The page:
he Hardwood Federation Fly-In to Washington D.C. is often billed as one of the most important advocacy events the industry holds in our nation’s capital. This year, more than any other year, that is a true characterization of a whirlwind 36 hours spent on Capitol Hill meeting with Members of Congress and their staff. The trade war with China continues without relief, and the impacts on the hardwood industry have been fast, furious and relentless.

ahead. Congresswoman Jackie Walorski (R-IN) gave a fiery keynote to wrap up our Hill Day, encouraging continued action and sharing insight gleaned from her significant efforts communicating with the Administration, up to and including the President, on our behalf.

Participation in this year’s Fly-In was driven by concerns surrounding the ongoing U.S. trade dispute with China and the resulting tariffs on both Chinese imports and U.S. exports, most importantly to us, the tariffs on U.S. hardwood exports to China. While not at the record-breaking levels of 2018, we were close with nearly 70 participants in all.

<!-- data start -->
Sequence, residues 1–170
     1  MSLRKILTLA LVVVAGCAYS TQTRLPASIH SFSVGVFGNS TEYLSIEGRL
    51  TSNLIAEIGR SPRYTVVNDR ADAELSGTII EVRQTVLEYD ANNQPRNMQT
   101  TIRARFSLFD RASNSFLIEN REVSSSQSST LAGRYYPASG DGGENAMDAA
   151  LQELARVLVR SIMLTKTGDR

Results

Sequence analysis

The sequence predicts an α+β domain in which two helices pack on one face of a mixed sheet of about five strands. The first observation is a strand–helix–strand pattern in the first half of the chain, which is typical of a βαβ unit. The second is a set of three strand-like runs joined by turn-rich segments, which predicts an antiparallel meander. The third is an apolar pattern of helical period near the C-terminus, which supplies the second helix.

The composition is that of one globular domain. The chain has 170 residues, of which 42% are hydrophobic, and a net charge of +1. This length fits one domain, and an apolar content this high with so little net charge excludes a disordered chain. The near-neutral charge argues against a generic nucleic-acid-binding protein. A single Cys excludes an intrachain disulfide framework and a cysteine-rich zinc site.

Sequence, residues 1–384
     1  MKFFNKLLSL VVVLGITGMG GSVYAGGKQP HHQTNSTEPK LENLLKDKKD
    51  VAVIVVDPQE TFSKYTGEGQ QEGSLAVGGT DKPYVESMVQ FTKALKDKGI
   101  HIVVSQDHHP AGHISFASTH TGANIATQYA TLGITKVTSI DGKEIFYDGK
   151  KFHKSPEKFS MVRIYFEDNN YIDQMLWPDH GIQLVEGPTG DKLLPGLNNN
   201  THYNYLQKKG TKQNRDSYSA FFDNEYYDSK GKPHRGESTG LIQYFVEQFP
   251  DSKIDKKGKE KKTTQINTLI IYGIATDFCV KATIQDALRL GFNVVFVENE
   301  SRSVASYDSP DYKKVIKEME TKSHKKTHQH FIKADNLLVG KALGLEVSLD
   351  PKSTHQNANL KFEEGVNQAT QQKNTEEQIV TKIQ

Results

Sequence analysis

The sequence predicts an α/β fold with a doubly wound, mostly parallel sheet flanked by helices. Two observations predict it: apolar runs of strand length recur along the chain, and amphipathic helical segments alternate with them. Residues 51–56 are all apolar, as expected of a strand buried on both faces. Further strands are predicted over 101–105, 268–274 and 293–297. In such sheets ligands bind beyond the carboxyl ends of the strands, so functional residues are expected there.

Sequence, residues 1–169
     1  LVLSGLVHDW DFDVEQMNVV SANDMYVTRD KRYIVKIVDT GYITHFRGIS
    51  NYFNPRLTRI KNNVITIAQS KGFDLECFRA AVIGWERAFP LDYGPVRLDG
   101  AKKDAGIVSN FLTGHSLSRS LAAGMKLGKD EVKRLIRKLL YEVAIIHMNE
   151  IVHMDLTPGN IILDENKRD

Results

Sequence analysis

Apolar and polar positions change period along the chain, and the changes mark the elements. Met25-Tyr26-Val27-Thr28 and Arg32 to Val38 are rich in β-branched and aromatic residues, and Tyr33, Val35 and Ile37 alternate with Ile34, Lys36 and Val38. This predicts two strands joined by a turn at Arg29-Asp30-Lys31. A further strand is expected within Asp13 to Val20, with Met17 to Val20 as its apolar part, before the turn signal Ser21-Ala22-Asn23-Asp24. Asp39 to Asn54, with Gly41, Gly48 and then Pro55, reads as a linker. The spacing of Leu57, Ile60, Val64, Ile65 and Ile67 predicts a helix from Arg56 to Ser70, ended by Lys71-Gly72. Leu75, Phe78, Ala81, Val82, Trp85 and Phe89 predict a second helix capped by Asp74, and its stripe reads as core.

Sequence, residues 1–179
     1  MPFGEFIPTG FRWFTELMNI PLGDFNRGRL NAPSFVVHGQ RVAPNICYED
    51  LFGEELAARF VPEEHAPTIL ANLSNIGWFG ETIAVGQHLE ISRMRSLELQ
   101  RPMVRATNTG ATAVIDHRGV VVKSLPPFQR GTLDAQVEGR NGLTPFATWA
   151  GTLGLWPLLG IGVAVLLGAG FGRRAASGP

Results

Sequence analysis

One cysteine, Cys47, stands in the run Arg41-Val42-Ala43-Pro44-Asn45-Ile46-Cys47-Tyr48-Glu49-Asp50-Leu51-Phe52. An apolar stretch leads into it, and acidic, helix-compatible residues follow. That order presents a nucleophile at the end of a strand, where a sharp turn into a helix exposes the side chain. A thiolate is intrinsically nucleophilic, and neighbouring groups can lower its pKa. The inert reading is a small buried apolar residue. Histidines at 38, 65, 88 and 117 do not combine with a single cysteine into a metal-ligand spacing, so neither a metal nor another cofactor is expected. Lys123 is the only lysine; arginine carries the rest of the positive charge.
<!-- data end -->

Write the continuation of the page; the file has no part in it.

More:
Our message on trade was simple: Trade is having a devastating impact on hardwood companies, workers and consumers and is causing long term damage to international markets. We asked that the Trump Administration provide some relief to the hardwood industry just as they have for other agricultural commodity groups. Ideally, we would like to see a quick resolution to the trade war, but in the meantime, we need some help if our industry is to survive. Return to the negotiating table as soon as possible.